Advertisement

Bone Marrow DNA Adducts and Bone Marrow Cellularity Following Treatment with Benzene Metabolites in Vivo

  • Christine C. Hedli
  • Robert Snyder
  • Charlotte M. Witmer
Part of the Advances in Experimental Medicine and Biology book series (AEMB, volume 283)

Abstract

Benzenel (BZ) is a widely used industrial solvent, exposure to which has been linked to the development of aplastic anemia and leukemia. BZ is an animal carcinogen (Cronkite et al., 1984), but the ultimate carcinogenic metabolite still has not been determined. Recent work in our laboratory involving the mechanism of toxicity of BZ has been concerned with the capacity of BZ or its metabolites to interact with DNA. Previous studies have identified an adduct formed by the reaction of p-benzoquinone and deoxyguanosine in vitro (Jowa et al., 1986). Our current efforts have focused on the detection of adducts between BZ metabolites and DNA in vivo.

Keywords

Aplastic Anemia Adduct Formation Bone Marrow Cellularity Nucleate Bone Marrow Cell Robert Wood Johnson Medical School 
These keywords were added by machine and not by the authors. This process is experimental and the keywords may be updated as the learning algorithm improves.

Preview

Unable to display preview. Download preview PDF.

Unable to display preview. Download preview PDF.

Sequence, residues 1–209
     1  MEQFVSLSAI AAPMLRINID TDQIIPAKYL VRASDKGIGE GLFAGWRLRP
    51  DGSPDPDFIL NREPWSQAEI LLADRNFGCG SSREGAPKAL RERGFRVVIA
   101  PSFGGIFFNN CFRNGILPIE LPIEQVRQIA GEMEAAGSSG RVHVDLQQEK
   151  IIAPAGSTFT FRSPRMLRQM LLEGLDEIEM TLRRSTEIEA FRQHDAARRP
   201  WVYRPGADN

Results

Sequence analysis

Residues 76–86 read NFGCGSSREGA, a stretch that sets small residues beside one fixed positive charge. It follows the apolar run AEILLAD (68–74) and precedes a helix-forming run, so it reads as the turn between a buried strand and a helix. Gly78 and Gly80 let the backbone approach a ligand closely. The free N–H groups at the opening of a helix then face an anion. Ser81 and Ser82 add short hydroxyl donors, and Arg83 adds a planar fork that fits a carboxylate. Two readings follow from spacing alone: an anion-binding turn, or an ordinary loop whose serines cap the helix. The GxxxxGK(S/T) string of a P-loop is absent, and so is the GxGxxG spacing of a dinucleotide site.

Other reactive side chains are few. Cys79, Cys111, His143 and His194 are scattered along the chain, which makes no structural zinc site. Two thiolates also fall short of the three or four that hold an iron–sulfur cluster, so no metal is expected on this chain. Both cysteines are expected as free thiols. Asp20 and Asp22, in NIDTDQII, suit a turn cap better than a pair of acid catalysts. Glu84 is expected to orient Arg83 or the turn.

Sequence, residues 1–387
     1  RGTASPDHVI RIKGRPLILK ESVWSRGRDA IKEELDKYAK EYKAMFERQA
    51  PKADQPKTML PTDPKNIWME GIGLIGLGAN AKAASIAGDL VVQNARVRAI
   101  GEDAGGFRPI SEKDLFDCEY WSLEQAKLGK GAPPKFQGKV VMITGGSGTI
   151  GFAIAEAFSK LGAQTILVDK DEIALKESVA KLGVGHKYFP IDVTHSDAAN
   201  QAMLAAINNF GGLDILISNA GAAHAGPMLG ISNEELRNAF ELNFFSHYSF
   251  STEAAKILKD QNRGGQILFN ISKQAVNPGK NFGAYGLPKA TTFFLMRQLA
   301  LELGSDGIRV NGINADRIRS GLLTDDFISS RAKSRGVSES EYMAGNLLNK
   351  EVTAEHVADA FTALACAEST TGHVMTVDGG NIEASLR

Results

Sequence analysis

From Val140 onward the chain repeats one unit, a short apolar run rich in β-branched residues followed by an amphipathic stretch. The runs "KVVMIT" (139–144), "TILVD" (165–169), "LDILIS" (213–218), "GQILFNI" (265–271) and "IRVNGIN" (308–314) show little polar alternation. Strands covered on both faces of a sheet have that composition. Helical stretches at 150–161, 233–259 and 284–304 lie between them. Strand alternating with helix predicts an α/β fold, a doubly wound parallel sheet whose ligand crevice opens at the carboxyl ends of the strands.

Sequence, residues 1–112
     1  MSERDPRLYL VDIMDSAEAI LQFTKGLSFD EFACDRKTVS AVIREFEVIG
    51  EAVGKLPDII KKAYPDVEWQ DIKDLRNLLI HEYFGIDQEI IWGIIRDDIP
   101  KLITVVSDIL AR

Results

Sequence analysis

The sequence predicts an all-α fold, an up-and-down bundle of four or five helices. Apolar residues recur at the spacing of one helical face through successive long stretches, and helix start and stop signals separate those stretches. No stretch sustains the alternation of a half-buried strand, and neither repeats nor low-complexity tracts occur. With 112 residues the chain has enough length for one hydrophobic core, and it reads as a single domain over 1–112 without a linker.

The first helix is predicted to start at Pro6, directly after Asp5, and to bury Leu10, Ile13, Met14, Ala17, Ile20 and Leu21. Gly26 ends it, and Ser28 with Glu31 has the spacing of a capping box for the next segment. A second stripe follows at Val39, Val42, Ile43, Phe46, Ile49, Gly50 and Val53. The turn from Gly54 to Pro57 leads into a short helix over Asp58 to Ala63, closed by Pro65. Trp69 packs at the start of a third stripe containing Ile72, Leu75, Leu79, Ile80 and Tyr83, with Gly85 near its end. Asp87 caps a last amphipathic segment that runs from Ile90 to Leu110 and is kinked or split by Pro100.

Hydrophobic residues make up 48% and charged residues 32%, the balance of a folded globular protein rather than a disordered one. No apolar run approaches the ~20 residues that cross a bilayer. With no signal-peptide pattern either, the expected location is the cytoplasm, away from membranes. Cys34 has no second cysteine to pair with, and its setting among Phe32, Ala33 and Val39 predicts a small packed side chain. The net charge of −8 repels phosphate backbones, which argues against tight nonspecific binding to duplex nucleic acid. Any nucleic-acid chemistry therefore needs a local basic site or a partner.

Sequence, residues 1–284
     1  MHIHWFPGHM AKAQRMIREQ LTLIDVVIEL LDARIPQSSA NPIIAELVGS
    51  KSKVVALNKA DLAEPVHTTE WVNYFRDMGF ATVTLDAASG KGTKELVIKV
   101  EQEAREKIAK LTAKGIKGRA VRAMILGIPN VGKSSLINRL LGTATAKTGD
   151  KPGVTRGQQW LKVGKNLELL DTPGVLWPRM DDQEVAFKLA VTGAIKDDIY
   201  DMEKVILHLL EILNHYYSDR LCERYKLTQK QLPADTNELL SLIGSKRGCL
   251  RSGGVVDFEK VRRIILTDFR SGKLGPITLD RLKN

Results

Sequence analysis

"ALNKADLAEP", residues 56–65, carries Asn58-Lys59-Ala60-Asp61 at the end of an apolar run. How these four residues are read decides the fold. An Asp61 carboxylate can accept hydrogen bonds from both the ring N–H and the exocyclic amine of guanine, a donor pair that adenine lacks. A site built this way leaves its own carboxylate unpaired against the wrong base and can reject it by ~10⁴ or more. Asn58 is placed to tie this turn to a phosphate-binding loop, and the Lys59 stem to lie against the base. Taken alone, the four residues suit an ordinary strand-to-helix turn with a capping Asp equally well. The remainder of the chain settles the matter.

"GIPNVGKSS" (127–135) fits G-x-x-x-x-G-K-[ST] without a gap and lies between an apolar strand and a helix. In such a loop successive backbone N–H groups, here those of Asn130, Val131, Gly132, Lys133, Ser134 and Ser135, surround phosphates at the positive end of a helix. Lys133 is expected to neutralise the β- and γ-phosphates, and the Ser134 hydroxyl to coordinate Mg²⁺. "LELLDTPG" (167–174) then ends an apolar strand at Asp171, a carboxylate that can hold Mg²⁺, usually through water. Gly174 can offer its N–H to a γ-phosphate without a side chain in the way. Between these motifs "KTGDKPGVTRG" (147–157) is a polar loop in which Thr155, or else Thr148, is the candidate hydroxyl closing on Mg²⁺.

References

  1. Cronkite, E.R., Bullis, J.E., Inoue, T. and Drew, R. (1984). Benzene inhalation produces leukemia in mice. Toxicol. Appl. Pharmacol. 75, 358.CrossRefPubMedGoogle Scholar
  2. Jowa, L., Winkle, S., Kalf, G.F., Witz, G., and Snyder, R. (1986). Deoxyguanosine adducts from benzoquinone and hydroquinone. In: Advances in Experimental Medicine and Biology: Biological Intermediates III (J. Kocsis, D.J. Jollow, C.M. Witmer, J. 0. Nelson, and R. Snyder, Eds. ), Plenum Publishing, pp. 825–832.Google Scholar
  3. Reddy, M.V., Blackburn, G.R., Irwin, S.E.,Kommineni, C., Mackerer, C.R., and Mehlman, M.A. (1989). A method for in vitro culture of rat Zymbal gland:use in mechanistic studies of benzene carcinogenesis in combination with 32P-postlabeling. Environ. Health Perspect. 82, 239.Google Scholar
  4. Reddy, M.V., Blackburn, G.R., Schreiner, C.A., Mehlman, M.A. and Mackerer, C.R. (1989). 32P analysis of DNA adducts in tissues of benzene-treated rats.Environ. Health Perspect. 82, 253.PubMedGoogle Scholar
  5. Reddy, M.V., and Randerath, K. (1986). Nuclease Pl-mediated enhancement of sensitivity of 32P-postlabeling test for structurally diverse DNA adducts. Carcinogenesis 7, 1543.CrossRefPubMedGoogle Scholar
  6. Reddy, M.V., and Randerath, K. (1987). 32P analysis of DNA adducts in somatic and reproductive tissues of rats treated with the anticancer antibiotic, mitomycin C. Mutat. Res. 179, 75.Google Scholar

Copyright information

© Plenum Press, New York 1991

Authors and Affiliations

  • Christine C. Hedli
    • 1
  • Robert Snyder
    • 1
  • Charlotte M. Witmer
    • 1
  1. 1.Joint Graduate Program in ToxicologyRutgers University/UMDNJ Robert Wood Johnson Medical SchoolPiscatawayUSA

Personalised recommendations